Mady Dobson, An African History major at McGill, writes a response to“The N Word.”
When I read the editorial on the “N word,” aka “Nigger,” I was surprised by the angle taken by the author. It claims that the use of this term is wrong, because of its historical context. The author also fails to turn the lens on herself, to analyze her own interpretations.
She is misinterpreting the problem, because she is failing to acknowledge, or respect, the cultural and historical process that has transformed this word into a tool for expression. Have black rights disappeared? Are the works of Mandela, Parks and King useless? No! The movement has made progress, and has maintained most of its gains.
One of my strongest objections is to how the article belittles other groups’ problems and tries to make black people look more oppressed. The article claims that homosexuals, Jewish people and Muslim people “certainly don’t allow the public to stereotype them and make a word as popular as the “N” word.” This is simply not true. If you watch South Park, you have probably heard them popularizing terms that discriminate against Jewish people and gay people, as well. Gay men are often called “fags” in public or behind their backs. When was the last time you heard someone use the term “nigger” in the same way? Popularization is occurring within the black community. Outside of it, the term seems to be considered racist, inappropriate and downright offensive.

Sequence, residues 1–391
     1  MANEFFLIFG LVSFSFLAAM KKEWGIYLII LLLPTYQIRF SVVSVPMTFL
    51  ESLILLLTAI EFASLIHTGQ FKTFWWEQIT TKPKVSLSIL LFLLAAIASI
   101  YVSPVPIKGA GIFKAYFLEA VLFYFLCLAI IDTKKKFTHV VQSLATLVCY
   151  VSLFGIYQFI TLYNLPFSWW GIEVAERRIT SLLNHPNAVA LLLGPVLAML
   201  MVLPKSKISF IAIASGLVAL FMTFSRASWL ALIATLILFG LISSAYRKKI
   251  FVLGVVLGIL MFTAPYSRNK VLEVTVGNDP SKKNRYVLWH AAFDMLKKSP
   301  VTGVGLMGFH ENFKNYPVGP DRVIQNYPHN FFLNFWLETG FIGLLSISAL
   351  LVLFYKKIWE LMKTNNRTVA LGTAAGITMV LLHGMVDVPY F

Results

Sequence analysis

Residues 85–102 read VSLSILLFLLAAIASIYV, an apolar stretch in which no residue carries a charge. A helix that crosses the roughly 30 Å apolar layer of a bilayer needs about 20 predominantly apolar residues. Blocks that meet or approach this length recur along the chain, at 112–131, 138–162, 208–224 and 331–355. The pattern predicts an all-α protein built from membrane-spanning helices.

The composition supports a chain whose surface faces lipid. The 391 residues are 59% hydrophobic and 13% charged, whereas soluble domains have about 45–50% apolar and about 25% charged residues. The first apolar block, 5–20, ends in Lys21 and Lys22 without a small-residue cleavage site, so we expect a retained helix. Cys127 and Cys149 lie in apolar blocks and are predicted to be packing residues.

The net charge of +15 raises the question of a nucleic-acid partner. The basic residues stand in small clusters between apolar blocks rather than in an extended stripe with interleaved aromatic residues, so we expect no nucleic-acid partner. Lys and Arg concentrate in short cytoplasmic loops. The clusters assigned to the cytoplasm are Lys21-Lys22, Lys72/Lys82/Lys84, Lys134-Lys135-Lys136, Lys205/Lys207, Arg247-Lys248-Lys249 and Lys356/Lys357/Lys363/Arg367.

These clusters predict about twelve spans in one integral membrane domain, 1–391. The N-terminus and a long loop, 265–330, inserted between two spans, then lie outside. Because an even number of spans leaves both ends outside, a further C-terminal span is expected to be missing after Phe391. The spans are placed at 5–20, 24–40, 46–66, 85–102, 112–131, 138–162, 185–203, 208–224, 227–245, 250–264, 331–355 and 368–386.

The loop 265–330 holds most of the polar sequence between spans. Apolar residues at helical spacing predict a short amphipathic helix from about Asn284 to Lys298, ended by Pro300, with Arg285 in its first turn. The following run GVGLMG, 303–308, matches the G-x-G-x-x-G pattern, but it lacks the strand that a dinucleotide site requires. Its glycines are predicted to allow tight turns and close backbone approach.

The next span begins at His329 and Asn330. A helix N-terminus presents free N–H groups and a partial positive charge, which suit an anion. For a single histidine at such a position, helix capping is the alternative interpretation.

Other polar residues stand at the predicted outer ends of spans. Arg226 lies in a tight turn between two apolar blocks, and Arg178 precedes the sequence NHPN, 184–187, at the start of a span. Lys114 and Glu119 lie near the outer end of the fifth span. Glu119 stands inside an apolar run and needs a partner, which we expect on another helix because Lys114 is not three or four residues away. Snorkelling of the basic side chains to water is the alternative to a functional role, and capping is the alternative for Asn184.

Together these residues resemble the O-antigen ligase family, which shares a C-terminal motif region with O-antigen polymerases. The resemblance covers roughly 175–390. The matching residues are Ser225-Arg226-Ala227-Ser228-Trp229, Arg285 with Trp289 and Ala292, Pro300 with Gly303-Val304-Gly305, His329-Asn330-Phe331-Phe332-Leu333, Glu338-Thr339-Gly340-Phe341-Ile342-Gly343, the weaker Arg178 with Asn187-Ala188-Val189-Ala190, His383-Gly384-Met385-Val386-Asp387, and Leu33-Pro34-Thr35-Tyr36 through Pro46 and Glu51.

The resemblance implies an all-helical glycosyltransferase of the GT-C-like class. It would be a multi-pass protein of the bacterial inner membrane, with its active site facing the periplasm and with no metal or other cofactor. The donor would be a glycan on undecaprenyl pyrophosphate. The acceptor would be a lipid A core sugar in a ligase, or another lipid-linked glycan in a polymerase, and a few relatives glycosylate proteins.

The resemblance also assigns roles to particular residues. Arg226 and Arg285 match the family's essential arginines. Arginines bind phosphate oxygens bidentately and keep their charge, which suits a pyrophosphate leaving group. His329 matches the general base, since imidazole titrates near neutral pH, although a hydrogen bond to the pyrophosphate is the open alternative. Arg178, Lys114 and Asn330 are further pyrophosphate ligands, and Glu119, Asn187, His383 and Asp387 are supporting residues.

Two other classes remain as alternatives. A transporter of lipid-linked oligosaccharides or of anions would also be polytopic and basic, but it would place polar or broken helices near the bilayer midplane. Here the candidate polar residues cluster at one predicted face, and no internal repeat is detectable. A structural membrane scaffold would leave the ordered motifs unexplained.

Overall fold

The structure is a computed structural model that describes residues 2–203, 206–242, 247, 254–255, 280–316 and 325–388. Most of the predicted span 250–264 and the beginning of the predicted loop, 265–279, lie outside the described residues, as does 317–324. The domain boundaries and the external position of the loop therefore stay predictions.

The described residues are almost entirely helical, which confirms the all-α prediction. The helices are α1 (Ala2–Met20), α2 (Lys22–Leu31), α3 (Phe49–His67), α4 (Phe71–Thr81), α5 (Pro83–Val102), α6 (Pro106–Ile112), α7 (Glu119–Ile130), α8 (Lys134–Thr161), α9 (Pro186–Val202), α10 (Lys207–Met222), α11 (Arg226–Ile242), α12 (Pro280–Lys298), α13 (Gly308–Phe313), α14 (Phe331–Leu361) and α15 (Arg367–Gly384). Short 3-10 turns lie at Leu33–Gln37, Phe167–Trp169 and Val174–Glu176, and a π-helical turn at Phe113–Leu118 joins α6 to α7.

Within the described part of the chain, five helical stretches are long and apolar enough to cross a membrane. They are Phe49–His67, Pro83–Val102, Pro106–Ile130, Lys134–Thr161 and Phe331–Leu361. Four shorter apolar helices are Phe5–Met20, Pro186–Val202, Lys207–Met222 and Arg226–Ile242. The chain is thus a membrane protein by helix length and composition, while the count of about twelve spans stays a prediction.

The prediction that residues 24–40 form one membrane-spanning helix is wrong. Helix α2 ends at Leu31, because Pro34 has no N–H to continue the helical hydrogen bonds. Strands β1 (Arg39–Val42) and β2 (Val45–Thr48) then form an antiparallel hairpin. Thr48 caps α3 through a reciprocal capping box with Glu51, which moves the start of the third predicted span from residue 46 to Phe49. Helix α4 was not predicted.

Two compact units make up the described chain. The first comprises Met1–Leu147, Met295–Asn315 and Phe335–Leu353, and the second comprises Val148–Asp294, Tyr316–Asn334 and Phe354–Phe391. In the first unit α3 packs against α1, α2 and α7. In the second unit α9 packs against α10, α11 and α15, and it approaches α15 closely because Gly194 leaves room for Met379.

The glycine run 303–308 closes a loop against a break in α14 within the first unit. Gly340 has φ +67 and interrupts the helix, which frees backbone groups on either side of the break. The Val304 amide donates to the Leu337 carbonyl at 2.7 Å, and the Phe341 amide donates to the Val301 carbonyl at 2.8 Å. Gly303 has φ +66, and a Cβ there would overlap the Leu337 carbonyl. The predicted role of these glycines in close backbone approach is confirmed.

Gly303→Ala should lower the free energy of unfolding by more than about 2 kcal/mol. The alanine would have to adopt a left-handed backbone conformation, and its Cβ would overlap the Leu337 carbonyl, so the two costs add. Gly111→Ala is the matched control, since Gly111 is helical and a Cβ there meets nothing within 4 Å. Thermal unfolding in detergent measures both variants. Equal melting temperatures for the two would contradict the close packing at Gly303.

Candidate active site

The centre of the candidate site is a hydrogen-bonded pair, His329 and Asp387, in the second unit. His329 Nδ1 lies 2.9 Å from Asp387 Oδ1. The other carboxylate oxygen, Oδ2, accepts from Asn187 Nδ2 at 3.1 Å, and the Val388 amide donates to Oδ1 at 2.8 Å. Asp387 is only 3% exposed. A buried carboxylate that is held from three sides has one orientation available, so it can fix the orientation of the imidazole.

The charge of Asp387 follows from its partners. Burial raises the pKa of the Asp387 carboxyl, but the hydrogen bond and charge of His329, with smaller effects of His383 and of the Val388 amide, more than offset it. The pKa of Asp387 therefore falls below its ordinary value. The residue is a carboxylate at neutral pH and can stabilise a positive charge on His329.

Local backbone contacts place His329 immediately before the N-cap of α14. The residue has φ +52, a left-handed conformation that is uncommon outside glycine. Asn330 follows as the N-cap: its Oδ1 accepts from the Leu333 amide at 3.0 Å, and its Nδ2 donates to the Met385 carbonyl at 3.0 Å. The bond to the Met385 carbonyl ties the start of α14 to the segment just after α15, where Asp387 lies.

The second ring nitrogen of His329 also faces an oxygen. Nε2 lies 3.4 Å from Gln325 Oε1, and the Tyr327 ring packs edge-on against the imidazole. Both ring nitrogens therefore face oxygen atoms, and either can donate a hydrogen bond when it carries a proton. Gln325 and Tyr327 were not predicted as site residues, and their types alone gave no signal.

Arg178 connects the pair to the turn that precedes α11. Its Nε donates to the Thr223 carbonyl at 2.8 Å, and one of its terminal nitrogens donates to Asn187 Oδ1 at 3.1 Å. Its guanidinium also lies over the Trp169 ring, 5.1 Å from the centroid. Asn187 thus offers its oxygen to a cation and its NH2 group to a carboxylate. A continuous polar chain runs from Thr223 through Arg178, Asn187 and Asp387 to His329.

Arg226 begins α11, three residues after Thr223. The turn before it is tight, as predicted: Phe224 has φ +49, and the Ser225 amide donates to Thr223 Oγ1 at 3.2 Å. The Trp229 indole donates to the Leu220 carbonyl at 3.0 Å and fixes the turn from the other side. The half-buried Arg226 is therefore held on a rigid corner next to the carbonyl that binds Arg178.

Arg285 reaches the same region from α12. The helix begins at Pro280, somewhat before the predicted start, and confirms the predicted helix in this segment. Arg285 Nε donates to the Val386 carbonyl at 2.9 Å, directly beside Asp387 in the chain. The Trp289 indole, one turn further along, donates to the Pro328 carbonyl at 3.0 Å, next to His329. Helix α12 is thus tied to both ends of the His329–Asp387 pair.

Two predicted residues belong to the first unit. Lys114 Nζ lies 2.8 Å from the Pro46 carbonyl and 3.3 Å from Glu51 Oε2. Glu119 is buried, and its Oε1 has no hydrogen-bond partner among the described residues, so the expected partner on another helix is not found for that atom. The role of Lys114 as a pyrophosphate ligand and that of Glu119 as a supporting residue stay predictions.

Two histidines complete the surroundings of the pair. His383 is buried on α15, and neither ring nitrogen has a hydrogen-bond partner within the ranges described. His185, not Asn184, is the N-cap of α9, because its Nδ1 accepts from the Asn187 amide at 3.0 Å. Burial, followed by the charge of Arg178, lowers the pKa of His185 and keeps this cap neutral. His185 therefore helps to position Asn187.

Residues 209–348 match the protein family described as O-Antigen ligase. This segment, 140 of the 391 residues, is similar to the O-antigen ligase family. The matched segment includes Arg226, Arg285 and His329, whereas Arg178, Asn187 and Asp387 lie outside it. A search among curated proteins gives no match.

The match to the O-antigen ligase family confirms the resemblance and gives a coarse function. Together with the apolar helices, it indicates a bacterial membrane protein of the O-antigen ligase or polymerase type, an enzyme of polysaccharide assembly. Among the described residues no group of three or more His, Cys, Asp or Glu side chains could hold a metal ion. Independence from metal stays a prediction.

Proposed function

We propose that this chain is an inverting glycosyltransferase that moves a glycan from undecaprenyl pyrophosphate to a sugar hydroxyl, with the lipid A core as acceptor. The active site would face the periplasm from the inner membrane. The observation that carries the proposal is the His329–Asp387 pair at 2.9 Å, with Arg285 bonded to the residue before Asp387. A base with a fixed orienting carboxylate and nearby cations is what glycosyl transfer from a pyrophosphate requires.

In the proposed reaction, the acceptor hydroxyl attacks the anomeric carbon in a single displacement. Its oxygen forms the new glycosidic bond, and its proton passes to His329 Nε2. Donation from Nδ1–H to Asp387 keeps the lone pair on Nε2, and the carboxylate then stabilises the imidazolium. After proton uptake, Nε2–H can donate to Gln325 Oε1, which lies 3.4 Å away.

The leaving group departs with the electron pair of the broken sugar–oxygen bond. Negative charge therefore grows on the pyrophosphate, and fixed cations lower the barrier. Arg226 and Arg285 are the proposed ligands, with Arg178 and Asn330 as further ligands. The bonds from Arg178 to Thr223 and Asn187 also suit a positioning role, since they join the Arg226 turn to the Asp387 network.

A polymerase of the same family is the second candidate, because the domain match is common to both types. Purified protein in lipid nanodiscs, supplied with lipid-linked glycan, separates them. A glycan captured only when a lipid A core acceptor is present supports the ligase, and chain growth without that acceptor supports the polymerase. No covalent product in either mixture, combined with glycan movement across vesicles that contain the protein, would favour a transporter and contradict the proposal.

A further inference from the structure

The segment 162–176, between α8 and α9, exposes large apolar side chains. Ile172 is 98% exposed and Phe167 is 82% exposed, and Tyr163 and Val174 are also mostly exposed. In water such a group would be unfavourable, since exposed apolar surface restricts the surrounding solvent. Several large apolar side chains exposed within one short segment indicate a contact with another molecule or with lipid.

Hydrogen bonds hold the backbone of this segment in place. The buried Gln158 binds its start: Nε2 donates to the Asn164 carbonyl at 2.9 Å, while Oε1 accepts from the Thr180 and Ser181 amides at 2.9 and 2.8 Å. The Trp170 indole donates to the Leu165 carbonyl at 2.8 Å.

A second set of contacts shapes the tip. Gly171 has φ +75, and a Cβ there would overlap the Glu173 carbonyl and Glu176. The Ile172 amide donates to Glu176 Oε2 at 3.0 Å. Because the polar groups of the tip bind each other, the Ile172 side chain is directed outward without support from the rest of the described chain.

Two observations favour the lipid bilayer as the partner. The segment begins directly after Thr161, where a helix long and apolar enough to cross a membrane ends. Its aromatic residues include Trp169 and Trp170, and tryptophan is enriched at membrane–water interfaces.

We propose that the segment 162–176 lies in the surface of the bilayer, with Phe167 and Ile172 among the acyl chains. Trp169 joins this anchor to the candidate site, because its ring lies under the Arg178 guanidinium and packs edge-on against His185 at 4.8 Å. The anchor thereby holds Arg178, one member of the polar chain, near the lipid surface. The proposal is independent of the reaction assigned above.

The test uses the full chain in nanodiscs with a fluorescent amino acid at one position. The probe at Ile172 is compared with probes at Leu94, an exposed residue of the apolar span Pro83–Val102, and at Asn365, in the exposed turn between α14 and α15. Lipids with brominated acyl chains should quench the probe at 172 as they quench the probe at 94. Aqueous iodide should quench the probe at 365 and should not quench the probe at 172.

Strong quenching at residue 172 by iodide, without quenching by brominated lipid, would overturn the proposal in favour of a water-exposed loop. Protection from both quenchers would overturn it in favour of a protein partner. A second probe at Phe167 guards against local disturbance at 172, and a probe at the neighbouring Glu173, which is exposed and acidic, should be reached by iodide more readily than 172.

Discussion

There are also historical examples of the positive effect that “flipping” a word (taking it from the negative to the positive) can have on group identity and expression. The Queer community has taken back a formerly discriminatory name to represent its independence. Kardinal Offishall brings up a good point when he states that gangsters have flipped capitalism – it began as their oppressor, abducting their black ancestors into slavery, and now, many black people have climbed up the pyramid to stuff their pockets. Offishall also claims that they are doing the same thing for the term “nigger.” Slavery created an idea that black people were subservient, but their role in society, and the role of their label, has evolved.
The author says that they have historically fought for their rights – does this not include the right to identification? The term “nigger” has become a representation of their autonomy, in language and action.
Rather than allowing language to bog down our thinking, we should look at the actual problems plaguing the black community and every other exploited group. There are real social issues that create inequality: manipulated education, discrimination and abuse by the ruling classes, drug and alcohol abuse, crime and violence, to name a few. They affect not only black people, but also everyone except the elite and the rich. Instead of whining about rappers’ choice of language, a better way to act is to advocate for social change and an equal world for everyone. Only by building a community and helping each other can we really act as “brothers” and “sisters.”